Santanu Deb-Choudhury and his team at AgResearch have found that proteins from sheep wool fibre can help improve the digestive health of cats.
Dr Deb-Choudhury is extracting proteins from crossbred wool.
"We get about 90 percent extractability so if you started with 100 grams of raw wool you would end up with 90 grams of protein powder in a state that can be used for further applications."
The proteins are then added in powder form to a pet food formulation made for cats and have been tested against a standard cat food. Only a small amount of powder was used in the tests.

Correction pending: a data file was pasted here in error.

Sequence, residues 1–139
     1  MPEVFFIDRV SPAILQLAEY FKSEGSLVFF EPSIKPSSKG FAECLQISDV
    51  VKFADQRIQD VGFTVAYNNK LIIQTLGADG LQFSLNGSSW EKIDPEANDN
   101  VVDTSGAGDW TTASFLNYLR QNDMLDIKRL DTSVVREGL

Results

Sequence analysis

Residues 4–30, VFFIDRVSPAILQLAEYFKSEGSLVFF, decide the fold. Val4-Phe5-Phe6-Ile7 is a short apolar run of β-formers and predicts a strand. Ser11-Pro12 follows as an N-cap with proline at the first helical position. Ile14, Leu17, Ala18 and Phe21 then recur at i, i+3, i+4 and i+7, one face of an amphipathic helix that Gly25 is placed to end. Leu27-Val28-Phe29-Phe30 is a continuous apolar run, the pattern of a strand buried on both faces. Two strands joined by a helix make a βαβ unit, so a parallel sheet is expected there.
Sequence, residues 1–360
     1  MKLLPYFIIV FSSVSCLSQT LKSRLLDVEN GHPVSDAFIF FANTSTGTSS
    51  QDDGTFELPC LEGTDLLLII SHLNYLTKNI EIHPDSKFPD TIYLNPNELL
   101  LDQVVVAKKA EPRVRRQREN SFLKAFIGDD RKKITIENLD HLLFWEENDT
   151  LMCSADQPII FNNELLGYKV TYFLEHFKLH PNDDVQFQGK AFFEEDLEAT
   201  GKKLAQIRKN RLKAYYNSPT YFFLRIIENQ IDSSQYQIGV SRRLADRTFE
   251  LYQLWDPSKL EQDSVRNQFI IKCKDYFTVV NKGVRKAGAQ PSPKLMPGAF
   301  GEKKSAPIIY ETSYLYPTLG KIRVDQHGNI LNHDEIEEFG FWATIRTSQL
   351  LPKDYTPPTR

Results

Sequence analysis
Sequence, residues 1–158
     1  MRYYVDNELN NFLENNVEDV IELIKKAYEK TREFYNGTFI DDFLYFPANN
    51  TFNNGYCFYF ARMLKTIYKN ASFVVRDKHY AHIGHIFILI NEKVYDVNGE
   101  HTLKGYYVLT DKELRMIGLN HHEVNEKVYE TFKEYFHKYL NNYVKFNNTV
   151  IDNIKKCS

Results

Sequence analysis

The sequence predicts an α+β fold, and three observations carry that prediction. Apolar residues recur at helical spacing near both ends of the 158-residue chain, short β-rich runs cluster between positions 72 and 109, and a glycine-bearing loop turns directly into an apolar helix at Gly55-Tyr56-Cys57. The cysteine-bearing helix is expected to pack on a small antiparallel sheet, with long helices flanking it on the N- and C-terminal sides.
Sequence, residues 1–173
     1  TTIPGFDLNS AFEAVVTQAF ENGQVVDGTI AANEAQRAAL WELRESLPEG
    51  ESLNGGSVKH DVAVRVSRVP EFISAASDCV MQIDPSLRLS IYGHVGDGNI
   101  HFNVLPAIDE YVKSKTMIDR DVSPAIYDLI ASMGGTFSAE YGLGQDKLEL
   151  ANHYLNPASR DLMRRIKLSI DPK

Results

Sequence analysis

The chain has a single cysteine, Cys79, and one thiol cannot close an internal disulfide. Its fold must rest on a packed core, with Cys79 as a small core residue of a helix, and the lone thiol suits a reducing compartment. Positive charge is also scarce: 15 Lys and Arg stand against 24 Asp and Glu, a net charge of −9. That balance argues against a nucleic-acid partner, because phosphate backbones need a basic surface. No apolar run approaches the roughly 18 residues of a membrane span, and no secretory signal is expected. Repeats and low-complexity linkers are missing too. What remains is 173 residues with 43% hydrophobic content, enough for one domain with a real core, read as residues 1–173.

"We started with two percent (of wool powder in the pet food formulation) and we compared the results with two percent of dietary fibre in another formulation and the results were similar, so it was nice to see that wool does have an effect on cat gut health," he says.
The tests were done on cats faeces at Massey University's Feline Institute where cats are kept under controlled conditions and feeding regimes are monitored.
The findings are opening up exciting possibilities for new uses of wool to improve digestive health for a broader range of animals, and potentially for humans.